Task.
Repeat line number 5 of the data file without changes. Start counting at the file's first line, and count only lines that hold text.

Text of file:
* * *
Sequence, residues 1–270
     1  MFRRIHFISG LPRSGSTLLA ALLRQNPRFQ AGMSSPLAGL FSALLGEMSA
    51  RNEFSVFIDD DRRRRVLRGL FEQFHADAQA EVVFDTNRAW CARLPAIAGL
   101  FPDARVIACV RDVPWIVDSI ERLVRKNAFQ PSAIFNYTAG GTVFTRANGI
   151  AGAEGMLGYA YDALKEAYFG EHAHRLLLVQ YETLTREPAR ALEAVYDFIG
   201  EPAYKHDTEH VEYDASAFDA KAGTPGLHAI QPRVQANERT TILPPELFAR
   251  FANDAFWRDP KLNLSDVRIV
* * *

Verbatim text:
   151  AGAEGMLGYA YDALKEAYFG EHAHRLLLVQ YETLTREPAR ALEAVYDFIG